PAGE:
External Monitoring and Returns to Hedge Fund Activist Campaigns (with Matthew E. Souther)

Firms targeted by hedge fund activists experience significantly higher returns when there are fewer external monitors in place at the target firm. Using analyst coverage and institutional ownership as measures of external monitoring presence, we find that low-monitored activist targets experience abnormal returns 18.94% (1,894 bp) above that of high-monitored targets in the two-year period following the initial activist disclosure filing. The significant effect of external monitoring remains after controlling for target firm and activist characteristics. We also document improvements in traditional operating performance measures at low-monitored target firms across the same two-year period, consistent with the observed market performance.


The Trend is an Analyst's Friend: Analyst Recommendations and Market Technicals

Analyst recommendations and market technicals have long been critical resources used by market participants, but rarely are these resources considered complementary. In this paper, I show market technicals influence the profitability of analyst recommendations. I find conditioning Buy and Sell recommendations with a firm's current price trend enhances risk-adjusted returns by 0.81% per month. Furthermore, firms with a positive stock price trend have a higher consensus recommendation level, experience greater changes to their consensus recommendation, and are 9.54% more likely to receive a consensus recommendation upgrade. Overall, this study demonstrates that market technicals are an important complement to analyst content.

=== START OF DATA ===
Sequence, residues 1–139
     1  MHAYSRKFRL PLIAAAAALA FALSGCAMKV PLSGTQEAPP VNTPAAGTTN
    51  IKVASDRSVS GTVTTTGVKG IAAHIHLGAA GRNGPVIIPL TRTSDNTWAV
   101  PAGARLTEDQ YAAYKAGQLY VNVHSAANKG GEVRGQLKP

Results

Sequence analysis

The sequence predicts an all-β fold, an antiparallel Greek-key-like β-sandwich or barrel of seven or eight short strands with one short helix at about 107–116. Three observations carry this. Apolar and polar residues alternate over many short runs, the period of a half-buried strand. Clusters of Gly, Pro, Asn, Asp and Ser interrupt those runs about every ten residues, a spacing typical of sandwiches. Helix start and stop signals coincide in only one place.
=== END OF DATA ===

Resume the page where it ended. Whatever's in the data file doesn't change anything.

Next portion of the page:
Hedge Fund Activism and Analyst Uncertainty (with John S. Howe)

Using a sample of hedge fund activist events from the years 2001 to 2014, we assess analysts’ reaction to hedge fund activism by considering changes in their recommendations and their earnings forecast accuracy. Following the arrival of a hedge fund activist, we find a preponderance of recommendations that move to or are reinstated at the Hold level, a decrease in analyst earnings forecast accuracy, and a decrease in analyst forecast activity over the course of a campaign. Overall, our findings suggest hedge fund activism increases analyst uncertainty, limiting their ability to add value in this setting.


Do Tone Changes In Financial Statements Predict Acquisition Behavior? (with John Berns, Patty Bick, and Reza Houston)

In this paper, we find changes in managerial tone are indicative of acquisition activity, merger wave activity, and investor response to merger announcements. Increases in tone of a firm’s management discussion and analysis (MD&A) statement increase the likelihood of future acquisitions. This increased acquisition probability endures for three years after the increase in MD&A tone. Furthermore, the average change in tone within an industry is positively associated with future merger wave activity. Finally, we find a positive relationship between target tone changes and merger announcement returns, but only for relatively larger target firms. Our results indicate that using textual analysis to ascertain changes in tone is a valuable tool for predicting firm decision-making in the corporate control market.

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